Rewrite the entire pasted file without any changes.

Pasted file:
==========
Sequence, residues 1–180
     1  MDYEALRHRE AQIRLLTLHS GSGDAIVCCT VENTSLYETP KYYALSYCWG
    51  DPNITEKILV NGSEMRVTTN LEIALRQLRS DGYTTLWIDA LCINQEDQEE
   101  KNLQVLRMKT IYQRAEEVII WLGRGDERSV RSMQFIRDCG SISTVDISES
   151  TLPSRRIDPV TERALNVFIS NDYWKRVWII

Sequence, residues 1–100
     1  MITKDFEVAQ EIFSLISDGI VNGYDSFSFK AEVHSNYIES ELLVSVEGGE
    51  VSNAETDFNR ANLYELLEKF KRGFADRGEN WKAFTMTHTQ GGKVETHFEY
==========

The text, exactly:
Sequence, residues 1–180
     1  MDYEALRHRE AQIRLLTLHS GSGDAIVCCT VENTSLYETP KYYALSYCWG
    51  DPNITEKILV NGSEMRVTTN LEIALRQLRS DGYTTLWIDA LCINQEDQEE
   101  KNLQVLRMKT IYQRAEEVII WLGRGDERSV RSMQFIRDCG SISTVDISES
   151  TLPSRRIDPV TERALNVFIS NDYWKRVWII

Sequence, residues 1–100
     1  MITKDFEVAQ EIFSLISDGI VNGYDSFSFK AEVHSNYIES ELLVSVEGGE
    51  VSNAETDFNR ANLYELLEKF KRGFADRGEN WKAFTMTHTQ GGKVETHFEY